We calculated the DALY for each patient seen and treated in the hospital during the 3-month study period. Data were abstracted from admission logs, ward and department logs, and charts of all patients seen and treated at the hospital, either as inpatients or as outpatients. We used the approach of McCord et al. in calculating DALYs, but with slightly simplified estimates of risk of death or disability, and effectiveness of treatment.6
Severity of disease was given a weight of 1.0 if the disease was considered to be fatal >95% of the time without treatment. A weight of 0.7 was given for those conditions fatal >50% but <95% of the time, 0.3 for those fatal <50% but >5% of the time, and 0.0 for those <5% of the time. Similarly, the effectiveness of treatment was given a weight of 1.0 if treatment had a >95% chance of a permanent cure of the given condition, 0.7 if that chance was <95% but >50%, 0.3 if it was estimated to be <50% but >5%, and 0.0 if <5%. Years of life lost (YLLs) were calculated using the discounted numbers provided in the Global Burden of Disease (GBD) study.13 For the years lived with disability (YLDs), weight values from the GBD study were used when available (for example, fractures, burns, amputations, diarrheal diseases, and anemia/malaria); when these were unavailable in the published literature, the authors used their own estimates. Appendix 1 depicts the actual calculations for specific cases.
DALYs averted among ICU patients were attributed to the inpatient ward where the patients were finally transferred. No DALYs were attributed to the few ICU patients discharged directly home, as these were cases admitted to the ICU (as the hospital was full) for overnight observation, for a condition that ultimately proved to be benign. The same reasoning was applied to the physiotherapy department, which did not contribute to DALYs averted because the outpatient department sees patients that are discharged from the wards or referred from OPDs.
The cost per DALY averted was calculated by summing the fixed and operating costs of the hospital for the 3-month study period and dividing it by the sum of all DALYs averted during the same 3-month period.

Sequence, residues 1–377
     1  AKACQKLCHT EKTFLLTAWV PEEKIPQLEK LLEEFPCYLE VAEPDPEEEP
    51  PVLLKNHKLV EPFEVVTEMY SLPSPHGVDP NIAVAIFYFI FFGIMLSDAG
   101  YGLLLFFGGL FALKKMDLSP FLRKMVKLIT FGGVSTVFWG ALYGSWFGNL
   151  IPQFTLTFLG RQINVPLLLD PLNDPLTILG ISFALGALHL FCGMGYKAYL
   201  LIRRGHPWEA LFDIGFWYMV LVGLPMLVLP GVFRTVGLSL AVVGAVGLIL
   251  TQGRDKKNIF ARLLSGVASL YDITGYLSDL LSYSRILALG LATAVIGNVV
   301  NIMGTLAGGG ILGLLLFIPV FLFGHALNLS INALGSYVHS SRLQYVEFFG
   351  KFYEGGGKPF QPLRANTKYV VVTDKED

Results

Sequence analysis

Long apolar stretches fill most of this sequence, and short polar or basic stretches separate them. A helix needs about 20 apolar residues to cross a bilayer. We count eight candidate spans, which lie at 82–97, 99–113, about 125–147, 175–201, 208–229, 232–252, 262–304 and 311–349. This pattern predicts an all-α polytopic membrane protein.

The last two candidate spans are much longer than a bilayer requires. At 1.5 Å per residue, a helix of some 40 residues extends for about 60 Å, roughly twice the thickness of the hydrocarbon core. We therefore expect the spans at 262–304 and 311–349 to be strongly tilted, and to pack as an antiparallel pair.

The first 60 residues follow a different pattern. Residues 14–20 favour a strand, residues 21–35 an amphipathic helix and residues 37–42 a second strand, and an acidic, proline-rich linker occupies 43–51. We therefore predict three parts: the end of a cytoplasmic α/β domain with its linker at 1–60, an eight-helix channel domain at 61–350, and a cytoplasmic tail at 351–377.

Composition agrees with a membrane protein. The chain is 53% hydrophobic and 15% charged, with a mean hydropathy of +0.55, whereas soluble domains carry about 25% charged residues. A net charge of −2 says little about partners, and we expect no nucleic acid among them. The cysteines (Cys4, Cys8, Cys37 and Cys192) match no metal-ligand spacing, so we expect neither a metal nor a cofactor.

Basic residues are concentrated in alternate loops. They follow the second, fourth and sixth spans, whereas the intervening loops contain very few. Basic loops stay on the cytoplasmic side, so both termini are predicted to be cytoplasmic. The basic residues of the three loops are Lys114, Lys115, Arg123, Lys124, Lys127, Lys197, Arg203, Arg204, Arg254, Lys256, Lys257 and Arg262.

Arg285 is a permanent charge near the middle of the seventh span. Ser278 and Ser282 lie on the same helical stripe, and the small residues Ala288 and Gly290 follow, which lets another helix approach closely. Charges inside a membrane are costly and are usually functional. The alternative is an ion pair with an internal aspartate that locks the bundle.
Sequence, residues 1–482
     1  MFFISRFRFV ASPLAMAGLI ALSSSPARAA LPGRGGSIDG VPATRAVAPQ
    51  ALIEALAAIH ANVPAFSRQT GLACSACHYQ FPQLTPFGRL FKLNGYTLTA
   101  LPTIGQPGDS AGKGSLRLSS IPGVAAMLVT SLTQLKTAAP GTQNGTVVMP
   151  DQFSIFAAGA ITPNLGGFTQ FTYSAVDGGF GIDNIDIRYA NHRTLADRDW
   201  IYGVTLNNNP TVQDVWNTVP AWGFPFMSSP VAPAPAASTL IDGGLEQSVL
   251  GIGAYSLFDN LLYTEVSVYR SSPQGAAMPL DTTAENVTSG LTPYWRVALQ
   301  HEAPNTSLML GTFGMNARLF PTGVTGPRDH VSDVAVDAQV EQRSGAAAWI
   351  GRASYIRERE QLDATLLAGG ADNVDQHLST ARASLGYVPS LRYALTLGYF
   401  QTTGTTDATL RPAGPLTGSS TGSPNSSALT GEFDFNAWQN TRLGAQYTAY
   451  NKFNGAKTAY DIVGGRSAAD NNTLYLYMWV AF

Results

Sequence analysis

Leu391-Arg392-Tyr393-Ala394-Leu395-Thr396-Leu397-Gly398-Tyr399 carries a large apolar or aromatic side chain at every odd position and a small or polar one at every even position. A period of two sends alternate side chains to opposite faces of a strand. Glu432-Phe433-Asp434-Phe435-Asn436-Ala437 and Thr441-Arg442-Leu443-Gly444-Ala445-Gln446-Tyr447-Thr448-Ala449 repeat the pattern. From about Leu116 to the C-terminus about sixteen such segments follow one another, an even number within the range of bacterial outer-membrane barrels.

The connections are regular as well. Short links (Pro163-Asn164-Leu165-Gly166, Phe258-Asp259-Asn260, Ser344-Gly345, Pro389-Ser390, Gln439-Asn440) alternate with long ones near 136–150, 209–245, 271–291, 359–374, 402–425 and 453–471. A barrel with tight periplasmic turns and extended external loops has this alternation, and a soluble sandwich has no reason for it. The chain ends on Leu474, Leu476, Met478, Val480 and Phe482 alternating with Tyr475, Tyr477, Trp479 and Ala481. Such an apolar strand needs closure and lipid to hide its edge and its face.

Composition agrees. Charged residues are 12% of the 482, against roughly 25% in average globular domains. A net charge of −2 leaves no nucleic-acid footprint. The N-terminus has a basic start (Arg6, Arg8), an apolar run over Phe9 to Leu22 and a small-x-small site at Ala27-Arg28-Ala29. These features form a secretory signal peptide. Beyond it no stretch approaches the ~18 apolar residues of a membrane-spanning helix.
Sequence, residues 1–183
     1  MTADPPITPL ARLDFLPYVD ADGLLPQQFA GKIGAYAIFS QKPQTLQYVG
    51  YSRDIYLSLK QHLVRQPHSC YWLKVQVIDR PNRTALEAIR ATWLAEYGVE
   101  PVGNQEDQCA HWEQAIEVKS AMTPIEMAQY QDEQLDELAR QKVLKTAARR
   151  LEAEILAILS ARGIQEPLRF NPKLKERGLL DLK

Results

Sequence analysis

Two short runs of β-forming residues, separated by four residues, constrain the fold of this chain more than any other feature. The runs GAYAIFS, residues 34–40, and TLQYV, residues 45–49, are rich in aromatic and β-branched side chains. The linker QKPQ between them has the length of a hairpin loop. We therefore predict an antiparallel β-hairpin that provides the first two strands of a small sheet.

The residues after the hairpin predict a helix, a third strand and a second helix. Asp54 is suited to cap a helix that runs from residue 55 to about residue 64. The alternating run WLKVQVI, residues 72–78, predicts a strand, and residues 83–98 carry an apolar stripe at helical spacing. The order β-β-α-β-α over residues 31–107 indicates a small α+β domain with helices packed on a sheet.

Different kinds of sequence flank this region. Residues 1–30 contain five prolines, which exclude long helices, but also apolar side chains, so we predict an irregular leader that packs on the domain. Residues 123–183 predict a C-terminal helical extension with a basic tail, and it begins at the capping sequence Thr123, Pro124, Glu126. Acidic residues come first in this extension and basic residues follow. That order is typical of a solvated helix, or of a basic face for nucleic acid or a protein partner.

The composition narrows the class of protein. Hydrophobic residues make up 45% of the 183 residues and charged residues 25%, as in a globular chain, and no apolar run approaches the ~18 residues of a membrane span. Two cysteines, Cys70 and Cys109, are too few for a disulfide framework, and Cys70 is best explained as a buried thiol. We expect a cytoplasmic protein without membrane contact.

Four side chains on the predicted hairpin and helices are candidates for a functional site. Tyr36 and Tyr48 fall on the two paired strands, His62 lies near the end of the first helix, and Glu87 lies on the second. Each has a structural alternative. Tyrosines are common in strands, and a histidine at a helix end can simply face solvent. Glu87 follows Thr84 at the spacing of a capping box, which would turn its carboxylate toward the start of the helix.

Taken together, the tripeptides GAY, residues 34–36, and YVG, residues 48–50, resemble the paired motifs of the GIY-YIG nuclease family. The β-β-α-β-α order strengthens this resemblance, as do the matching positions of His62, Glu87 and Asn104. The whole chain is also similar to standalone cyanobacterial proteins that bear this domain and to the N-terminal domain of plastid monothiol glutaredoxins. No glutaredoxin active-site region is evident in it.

Monthly operating costs
Land purchase and hospital construction
Expatriate staff–salaries and benefits
Local staff–salaries and benefits
Medical equipment, consumables, and drugs
Maintenance of building and equipment
Container from Italy
Cases seen and DALYs averted by service (July–Sep 2004)
Surgical outpatient department
Dressings and suture removal
Fracture reduction and casting
Surgical inpatient ward (General Surgery)
Surgical inpatient ward (Orthopedic Surgery)
Acute respiratory infection
Pediatric inpatient ward
Dividing the total costs for the 3 months (3 × $123,358) by the total DALYs averted during these 3 months (11,282), gives the cost per DALY averted, which is $32.78.
Quantifying effectiveness is not as straightforward as measuring costs, and certainly it was more controversial. We agree with McCord et al. that, although imperfect, the DALY is the best composite measure available.6 Since its original description by Murray and colleagues, the use of the DALY has been widely promoted by the World Bank and the World Health Organization.13,14 It is the unit of measurement used in two of the most influential publications in the field, the Global Burden of Disease study and the Disease Control Priorities in Developing Countries book.7,14 It is beyond the scope of this study to debate the merits and drawbacks of the DALY, as they are amply documented elsewhere.15–17